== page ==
ronwen Maddox is the Editor and Chief Executive of Prospect Magazine, the UK’s leading current affairs and culture monthly title, which has a rapidly-growing circulation of more than 31,000. She was appointed in November 2010 with a mission to build on Prospect‘s reputation for intellectual rigour and originality, and to take this to a wider audience, as she said in her first editorial. [link].
As she said in Prospect‘s special sampler edition for the Hay Festival in May 2011: “We publish some of the most informative, perceptive and entertaining writing around today, by outstanding specialists-academics, business leaders, novelists, politicians, soldiers. We write for people who live by ideas, and want to take part in tomorrow’s debates today.”
She continues to write columns for The Times on world news and economics. Previously, she had been the paper’s Chief Foreign Commentator, Foreign Editor, and US Editor and Washington Bureau Chief of The Times. Her commentary has become one of the best-known fixtures in British journalism, known for its crisp style and for not being afraid to reach a judgement on the day’s events, while avoiding ideology. It attracts vigorous response from readers around the world.
In writing commentaries and columns, which she has done since the start of the Afghan invasion in November 2001, Bronwen Maddox has won access to some of the most influential figures in the British government and the Obama Administrations, and in governments across Europe, the Middle East, Pakistan, Afghanistan and India. The Kremlin picked her to be the sole British journalist interviewing then President Vladimir Putin ahead of a controversial G8 summit.
She was previously at the Financial Times, where she ran the paper’s year-long, award-winning, investigation into the publishing tycoon, Robert Maxwell. Before his death, she mapped the 800 companies making up his corporate empire, establishing that the total amount of debt was insupportable; the work culminated in a 30,000-word series, based on 200 interviews, which she wrote on her own, and won the paper a British Press Award. She was also an editorial writer, specialising in microeconomics, and a specialist correspondent in energy and the environment, travelling widely through Eastern Europe and China.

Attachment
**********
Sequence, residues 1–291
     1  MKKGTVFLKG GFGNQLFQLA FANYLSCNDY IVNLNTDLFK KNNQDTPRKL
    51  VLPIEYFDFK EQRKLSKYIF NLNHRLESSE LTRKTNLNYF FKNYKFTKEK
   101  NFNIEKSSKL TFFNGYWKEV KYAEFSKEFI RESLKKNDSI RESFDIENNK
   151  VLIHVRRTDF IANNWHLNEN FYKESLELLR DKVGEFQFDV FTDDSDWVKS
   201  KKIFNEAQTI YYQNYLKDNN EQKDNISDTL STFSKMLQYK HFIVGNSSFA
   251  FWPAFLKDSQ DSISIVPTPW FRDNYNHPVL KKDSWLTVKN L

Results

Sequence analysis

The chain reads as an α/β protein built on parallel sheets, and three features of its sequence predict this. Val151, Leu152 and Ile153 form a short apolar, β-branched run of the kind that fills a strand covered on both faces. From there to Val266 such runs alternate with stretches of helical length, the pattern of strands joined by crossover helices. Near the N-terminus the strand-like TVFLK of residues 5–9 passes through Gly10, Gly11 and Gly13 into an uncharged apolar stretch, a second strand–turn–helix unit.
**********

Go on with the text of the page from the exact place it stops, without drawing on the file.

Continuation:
She is the author of In Defence of America, a book arguing the case for supporting the US after the Iraq war. She is an accomplished public speaker and chair of debates, for many kinds of audiences, including financial and military, and for many kinds of events, from after-dinner talks to seminars. She appears frequently on television and radio in the UK and US, particularly the BBC’s Today programme, Newsnight and Daily Politics.
Previously, she was an investment analyst in the City and on Wall Street, and a Director of Kleinwort Benson Securities, now part of Dresdner Kleinwort Wasserstein, where she ran its highly-rated team recommending investment in world media stocks and helped raise money for corporate refinancing.
She is a member of the Council of the Ditchley Foundation, the historic conference centre which fosters transatlantic relations; a Member of the Council (a Trustee) of Chatham House, the foreign affairs think-tank based in London; and a Trustee of the Imperial War Museum. She was a judge of the 2012 Samuel Johnson Prize for Non-Fiction.
She has a degree in Politics, Philosophy and Economics from St John’s College, Oxford. She has dual US-British nationality and grew up in London and Washington, DC in a transatlantic family with an American mother and British father.